My father, Lt Col Chotu Ram took part in the Liberation War as a young subaltern but rarely spoke of those times. When I was a cadet in the NDA, many years later, I had come on leave after the first term and was sitting beside him in our village. Inevitably, I drew the conversation to what was of interest to me.
”What did you do during the 1971 War with Pakistan”? I asked.
He was sitting on the floor, mending a rubber slipper strap with a cobbler’s awl. The man must have seen so many things in his life. He sat on a gunny sack repairing his footwear himself. He was posted in Kupwara and had come on a short leave to see me.
“How are you finding NDA” he asked bemusedly?
“NDA is a piece of cake dad compared to farm work in the village,” I replied.
“Won any medals yet” he asked?
“No dad, but first termers rarely win medals”.
My father was not to be put off. “Stop giving excuses. Let me see you excel in something”. But his eyes were smiling.
“Now tell me about your experiences in the Liberation War,” I persisted.
He smiled and kept his awl aside. Then he narrated this story.
I was a subaltern then and a few years older than what you are now. I was posted in the Assam Regiment and my battalion was deployed opposite Hilli in East Pakistan. One night, I was working on map enlargements and sketches. The CO had given me some urgent work. The lantern threw a dim yellow light and the tent reeked of kerosene. A Naga orderly came to my tent.
“Aa shakta shaab”? “Yes,” I muttered.
“Shaab, one shaab has come to meet you”.
“Tell him to wait here,” I said. “I will be right back”. I rolled up my maps and left for the tactical headquarters which were in a tent in a nearby grove. The night was chilly, and the sound of cicadas filled the air from the nearby bamboo thickets. I returned a few minutes later to find a tall man outside my tent speaking to my Naga orderly. He heard my footsteps and turned.
“Shamsher you,” I asked in surprise! We went inside the pup tent where I poured out rum in a white enamel mug and gave it to Shamsher. His gentle wide eyes under the turban bespoke of a calm, composed and peaceful nature and I often jokingly referred to him as Babaji. We were dear friends as we shared common tastes and had similar family circumstances.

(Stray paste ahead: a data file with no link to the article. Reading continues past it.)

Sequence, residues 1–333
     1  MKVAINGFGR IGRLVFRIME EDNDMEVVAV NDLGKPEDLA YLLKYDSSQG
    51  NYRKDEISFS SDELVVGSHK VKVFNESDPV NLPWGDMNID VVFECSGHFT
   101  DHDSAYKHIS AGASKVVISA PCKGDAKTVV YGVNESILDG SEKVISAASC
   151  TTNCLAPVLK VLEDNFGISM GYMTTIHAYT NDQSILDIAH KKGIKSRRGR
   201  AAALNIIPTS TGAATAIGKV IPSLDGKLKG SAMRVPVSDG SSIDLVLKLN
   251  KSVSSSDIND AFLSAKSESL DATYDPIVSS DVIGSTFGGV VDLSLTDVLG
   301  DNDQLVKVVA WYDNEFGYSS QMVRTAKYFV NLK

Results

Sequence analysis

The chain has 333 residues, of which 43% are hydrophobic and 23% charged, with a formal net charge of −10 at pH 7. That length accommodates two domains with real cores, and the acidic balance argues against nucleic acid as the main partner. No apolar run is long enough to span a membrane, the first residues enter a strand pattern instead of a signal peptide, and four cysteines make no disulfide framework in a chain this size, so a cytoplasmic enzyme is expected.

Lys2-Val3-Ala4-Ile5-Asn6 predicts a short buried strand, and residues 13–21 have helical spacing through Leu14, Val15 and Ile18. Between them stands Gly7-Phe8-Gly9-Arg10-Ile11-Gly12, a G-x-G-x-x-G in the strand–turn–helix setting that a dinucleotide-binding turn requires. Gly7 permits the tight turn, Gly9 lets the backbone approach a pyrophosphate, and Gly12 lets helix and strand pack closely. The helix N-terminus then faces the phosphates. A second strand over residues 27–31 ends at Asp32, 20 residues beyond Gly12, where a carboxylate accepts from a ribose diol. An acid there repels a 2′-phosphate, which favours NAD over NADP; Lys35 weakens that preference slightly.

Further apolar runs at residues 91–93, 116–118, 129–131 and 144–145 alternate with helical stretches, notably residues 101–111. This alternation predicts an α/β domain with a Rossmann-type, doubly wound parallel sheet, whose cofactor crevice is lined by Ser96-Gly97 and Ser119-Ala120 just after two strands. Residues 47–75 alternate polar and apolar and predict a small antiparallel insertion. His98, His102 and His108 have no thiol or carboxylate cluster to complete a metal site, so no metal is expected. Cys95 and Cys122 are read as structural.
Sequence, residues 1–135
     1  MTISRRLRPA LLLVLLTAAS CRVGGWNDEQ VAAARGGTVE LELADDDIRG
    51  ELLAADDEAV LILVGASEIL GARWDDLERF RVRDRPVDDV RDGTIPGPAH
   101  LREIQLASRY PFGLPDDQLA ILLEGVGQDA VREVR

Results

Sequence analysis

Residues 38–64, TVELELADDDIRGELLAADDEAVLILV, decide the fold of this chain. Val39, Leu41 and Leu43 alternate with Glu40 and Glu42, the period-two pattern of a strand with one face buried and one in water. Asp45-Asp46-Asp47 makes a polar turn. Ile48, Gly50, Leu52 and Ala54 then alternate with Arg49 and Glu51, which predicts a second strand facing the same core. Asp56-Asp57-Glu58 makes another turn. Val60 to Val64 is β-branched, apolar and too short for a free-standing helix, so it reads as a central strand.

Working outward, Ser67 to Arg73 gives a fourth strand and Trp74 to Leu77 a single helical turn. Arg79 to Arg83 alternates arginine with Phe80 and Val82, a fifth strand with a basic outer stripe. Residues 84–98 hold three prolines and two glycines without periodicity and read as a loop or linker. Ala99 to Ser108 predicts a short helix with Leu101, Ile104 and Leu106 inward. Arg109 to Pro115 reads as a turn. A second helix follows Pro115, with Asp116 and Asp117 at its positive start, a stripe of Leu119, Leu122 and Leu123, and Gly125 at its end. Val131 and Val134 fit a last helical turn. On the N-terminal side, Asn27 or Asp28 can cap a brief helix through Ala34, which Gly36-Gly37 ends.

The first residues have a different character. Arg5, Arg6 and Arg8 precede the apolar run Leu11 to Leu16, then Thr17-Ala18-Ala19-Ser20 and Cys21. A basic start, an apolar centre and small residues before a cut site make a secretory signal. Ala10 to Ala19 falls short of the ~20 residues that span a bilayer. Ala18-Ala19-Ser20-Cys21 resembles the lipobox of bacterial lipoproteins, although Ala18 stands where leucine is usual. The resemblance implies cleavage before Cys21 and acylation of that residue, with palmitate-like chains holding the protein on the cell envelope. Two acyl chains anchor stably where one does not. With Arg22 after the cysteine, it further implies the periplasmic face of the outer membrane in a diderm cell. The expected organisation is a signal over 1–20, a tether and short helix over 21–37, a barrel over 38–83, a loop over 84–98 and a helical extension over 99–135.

The war seemed far off, suspended for a moment. Our ears stopped hearing the sound of our guns firing in the distance and the crump of the exploding shells inside East Pakistan. We started talking. There was only one and we passed it between us. His parents had seen a girl for him and he would get married after the war was over.
“My father groans like this when he wakes up and says, ‘Wahe Guru,’ time to milk the buffaloes and heft the plough share. What does your father say, the first thing in the morning Chhotu”?
“Nothing, my dear friend. I am an orphan.I don’t remember ever having a father?”
“Oh”. There was compassion in Shamsher’s voice.
“But I do have a termagant mother who would throw a Jutti at me if I didn’t get out of bed at four in the morning to milk our buffalo”. “Get up you good for nothing, idle dheedh” she would snarl and I would jump and be awake.
Shamsher laughed. “You Haryanvis have such a crude dialect. What does dheedh mean”?
“It’s a slang for a rascal,” I said. We talked some more and then it was time for Shamsher to leave. He took off his brand new HMT Jawan watch and gave it to me. “This is for you my Yaara”. He had seen my empty wrist. He then fumbled in the folds of his tunic and took out a letter. “Give it to my father,” he said.
“Keep your watch Shamsher. I cant accept it. You will need it.”
“Chhotu, I won’t need a watch where I shall be tomorrow”. He hugged me and walked off into the night, the tall Sikh Babaji.
The next morning Eighth Battalion of the Brigade of the Guards went in to attack. Second lieutenant Shamsher Singh Samra led his platoon into the teeth of enemy machine guns in the war for the liberation of Bangladesh. He was awarded the Maha Vir Chakra, posthumous, for gallantry on the battlefield. It was left for me to deliver his letter home.